Sound Transit CEO Takes Election Vacation, Amazon’s Revisionist History, Stranger May Lease from ICE Landlord, and More

1. Tuesday night’s election was a major blow to cities like Seattle and transit agencies like King County Metro and Sound Transit, which will have to drastically cut back on long-planned capital projects and eliminate bus service if the statewide Initiative 976, which eliminated funding for transportation projects across the state, hold up in court.

The Puget Sound’s regional transit agency, Sound Transit, stands to lose up to $20 billion in future funding for light rail and other projects through 2041, forcing the agency to dramatically scale back its plans to extend light rail to West Seattle, Ballard, Tacoma and Everett.

So where was Sound Transit’s director, Peter Rogoff, as the election results rolled in?

On vacation in Provence, then at a conference on global health in Rwanda, which his wife, Washington Global Health Alliance CEO Dena Morris, is attending.

Rogoff posted on social media about his trip, which began while votes were being cast in late October and is still ongoing (Rogoff will return to work on Monday).

Screen shots from Rogoff’s Facebook page. On the right: The Sound Transit CEO displays Washington Nationals regalia in Provence.


Geoff Patrick, a spokesman for Sound Transit, said Rogoff took the trip to France because “he has not vacationed for a while,” and said the agency was in the “very capable” hands of deputy CEO Kimberly Farley. As for the women in health conference in Rwanda, Patrick said, “this is a conference that he wanted to attend with his wife and it’s an important conference,” adding that Rogoff was “attending the conference with every confidence that the agency is being well run” in his absence.

Asked what Farley, the deputy CEO, has done to reassure Sound Transit employees about the future of the agency in light of an election that could gut its funding, eliminating many jobs, Patrick said Farley emailed everyone on staff and told them to keep focusing on their work. “There’s no impact whatsoever [from Rogoff’s absence] to the agency’s operations,” Patrick said.

Rob Gannon, the general manager of King County Metro, reportedly visited all of Metro’s work sites in person to answer employee questions; I have a call out to Metro to confirm this.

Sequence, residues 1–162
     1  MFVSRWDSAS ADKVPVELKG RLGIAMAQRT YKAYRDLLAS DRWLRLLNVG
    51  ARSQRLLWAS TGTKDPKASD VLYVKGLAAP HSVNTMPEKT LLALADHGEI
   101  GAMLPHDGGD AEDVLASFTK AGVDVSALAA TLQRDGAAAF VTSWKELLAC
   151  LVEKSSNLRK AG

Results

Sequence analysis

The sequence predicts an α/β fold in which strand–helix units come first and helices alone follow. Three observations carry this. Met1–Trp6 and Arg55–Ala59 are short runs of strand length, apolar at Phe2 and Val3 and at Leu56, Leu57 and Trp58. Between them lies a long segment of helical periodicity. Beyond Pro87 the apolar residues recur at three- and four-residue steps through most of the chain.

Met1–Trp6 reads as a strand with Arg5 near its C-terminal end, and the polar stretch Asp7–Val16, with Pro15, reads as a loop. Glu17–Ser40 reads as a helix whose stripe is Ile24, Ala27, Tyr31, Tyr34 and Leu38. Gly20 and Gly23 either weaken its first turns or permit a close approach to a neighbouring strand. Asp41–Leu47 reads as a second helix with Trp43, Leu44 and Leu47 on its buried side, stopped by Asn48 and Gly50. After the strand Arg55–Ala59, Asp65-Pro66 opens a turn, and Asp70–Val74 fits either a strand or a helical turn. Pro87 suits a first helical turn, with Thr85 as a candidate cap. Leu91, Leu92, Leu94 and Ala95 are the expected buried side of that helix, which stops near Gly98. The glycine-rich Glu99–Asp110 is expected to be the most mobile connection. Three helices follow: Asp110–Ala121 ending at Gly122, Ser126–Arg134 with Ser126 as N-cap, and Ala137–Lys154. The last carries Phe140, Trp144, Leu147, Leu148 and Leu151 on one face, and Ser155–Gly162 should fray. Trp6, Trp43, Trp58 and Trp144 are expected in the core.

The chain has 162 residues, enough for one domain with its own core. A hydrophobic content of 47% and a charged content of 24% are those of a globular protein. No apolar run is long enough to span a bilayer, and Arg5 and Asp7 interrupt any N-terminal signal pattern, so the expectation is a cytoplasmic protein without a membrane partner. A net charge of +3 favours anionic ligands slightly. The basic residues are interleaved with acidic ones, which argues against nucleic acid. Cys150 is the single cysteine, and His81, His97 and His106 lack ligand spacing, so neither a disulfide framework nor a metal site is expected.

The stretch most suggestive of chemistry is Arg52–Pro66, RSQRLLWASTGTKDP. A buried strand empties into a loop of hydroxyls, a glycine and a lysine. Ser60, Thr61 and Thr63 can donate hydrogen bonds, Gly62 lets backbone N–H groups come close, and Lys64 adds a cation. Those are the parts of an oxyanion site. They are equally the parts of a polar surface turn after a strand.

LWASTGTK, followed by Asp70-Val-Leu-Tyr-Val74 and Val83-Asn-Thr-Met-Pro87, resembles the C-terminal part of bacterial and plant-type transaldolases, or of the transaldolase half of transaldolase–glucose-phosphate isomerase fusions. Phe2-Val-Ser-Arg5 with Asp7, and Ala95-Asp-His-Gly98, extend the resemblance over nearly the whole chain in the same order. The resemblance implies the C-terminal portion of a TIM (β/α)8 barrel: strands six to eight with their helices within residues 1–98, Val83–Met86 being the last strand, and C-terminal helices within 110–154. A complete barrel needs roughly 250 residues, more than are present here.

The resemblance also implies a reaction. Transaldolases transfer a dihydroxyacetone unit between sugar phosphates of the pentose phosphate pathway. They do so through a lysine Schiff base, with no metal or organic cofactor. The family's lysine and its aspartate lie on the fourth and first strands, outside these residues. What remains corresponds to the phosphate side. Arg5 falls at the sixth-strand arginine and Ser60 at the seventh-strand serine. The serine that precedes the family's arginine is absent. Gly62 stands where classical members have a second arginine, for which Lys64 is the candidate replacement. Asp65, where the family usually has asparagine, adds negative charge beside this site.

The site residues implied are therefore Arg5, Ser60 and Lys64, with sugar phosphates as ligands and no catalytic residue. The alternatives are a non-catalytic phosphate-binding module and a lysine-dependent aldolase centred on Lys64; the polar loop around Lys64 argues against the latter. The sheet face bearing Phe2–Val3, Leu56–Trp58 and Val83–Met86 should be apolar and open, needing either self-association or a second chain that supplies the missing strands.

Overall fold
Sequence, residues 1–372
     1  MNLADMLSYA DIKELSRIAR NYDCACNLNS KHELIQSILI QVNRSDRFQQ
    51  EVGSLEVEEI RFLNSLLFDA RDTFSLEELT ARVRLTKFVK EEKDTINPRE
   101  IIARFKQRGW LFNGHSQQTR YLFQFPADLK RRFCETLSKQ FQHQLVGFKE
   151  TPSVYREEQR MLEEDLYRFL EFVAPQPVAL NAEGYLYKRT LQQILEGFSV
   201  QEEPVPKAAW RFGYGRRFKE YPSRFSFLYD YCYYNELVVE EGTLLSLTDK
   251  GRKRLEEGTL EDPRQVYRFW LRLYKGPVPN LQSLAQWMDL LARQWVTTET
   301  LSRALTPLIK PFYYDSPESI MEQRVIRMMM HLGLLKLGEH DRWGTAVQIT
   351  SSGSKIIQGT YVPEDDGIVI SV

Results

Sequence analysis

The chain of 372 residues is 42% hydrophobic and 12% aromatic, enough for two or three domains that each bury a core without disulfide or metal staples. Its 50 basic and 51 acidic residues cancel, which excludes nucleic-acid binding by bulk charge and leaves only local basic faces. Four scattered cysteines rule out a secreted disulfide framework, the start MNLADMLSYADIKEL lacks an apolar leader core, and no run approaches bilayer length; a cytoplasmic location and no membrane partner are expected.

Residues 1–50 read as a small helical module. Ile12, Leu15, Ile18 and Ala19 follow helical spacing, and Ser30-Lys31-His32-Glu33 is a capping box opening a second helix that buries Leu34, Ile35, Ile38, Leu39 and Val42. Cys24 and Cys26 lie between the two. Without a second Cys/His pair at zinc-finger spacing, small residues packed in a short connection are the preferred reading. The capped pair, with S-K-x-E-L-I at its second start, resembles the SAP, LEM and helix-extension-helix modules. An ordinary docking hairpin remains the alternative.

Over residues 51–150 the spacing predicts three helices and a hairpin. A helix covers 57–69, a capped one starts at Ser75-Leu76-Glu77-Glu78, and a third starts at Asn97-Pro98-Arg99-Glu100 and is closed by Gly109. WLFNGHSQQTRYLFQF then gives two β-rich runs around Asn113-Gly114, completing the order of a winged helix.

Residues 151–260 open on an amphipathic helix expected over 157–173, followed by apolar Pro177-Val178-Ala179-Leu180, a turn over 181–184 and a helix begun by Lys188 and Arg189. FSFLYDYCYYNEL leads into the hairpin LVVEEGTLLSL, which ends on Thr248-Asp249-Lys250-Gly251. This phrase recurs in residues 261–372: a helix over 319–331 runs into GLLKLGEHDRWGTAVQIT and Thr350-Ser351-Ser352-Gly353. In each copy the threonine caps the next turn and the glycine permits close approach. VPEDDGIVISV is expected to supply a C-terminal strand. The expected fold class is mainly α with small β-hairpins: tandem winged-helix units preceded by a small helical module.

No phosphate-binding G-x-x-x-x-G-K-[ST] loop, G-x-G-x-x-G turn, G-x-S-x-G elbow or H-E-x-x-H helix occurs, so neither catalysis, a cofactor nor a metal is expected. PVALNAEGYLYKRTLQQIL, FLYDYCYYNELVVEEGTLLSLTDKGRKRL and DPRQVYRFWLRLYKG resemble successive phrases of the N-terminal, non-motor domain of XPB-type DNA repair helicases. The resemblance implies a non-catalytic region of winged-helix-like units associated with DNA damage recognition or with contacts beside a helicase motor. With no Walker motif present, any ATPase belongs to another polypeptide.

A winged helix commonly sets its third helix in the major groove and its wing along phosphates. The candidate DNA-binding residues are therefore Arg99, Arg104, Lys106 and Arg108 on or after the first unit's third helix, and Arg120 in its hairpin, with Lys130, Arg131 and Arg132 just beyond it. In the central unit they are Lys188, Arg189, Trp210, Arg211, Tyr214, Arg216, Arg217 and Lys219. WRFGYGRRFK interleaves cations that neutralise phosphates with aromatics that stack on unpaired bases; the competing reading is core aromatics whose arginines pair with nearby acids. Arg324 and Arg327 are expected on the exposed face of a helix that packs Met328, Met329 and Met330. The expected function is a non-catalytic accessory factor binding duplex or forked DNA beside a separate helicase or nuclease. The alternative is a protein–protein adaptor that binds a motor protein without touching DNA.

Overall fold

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2. Amazon, the company that either did or did not buy Tuesday night’s election (or tried, only to have it backfire), has a sponsored article in the Seattle Times extolling the “revitalization” of South Lake Union. It began as follows:

In the late 19th century, Washington state was still largely untapped wilderness and the area surrounding Lake Union was modest and sparsely populated. Immigrants from Scandinavia, Greece and Russia, as well as East Coast Americans, traveled west to live in humble workers cottages as they sought their fortunes in coal, the new railway system, and a mill.

Amazon’s characterization of Washington as “largely untapped wilderness” waiting to be civilized by immigrants from Europe is jarring in 2019, when tribal-land acknowledgements are customary at public meetings and when most people living in Seattle are at least dimly aware that the West wasn’t actually vacant when “settlers” moved in.

I have reached out to Amazon and the Seattle Times and will update this post if I get more information about who wrote the sponsored piece.

For those who want to learn more about the past and present of the tribes that existed in what is now Washington state when Europeans arrived in the mid-19th century and are still here, here are a couple of helpful articles. One is from HistoryLink. The other is from the Seattle Times.

3. Council member Mike O’Brien, who raised his hand to co-sponsor council president Bruce Harrell’s proposal to fund an app-based homeless donation system created by a for-profit company called Samaritan, now says he’s “almost certain that [a $75,000 add to fund the company] will not be in the final budget.”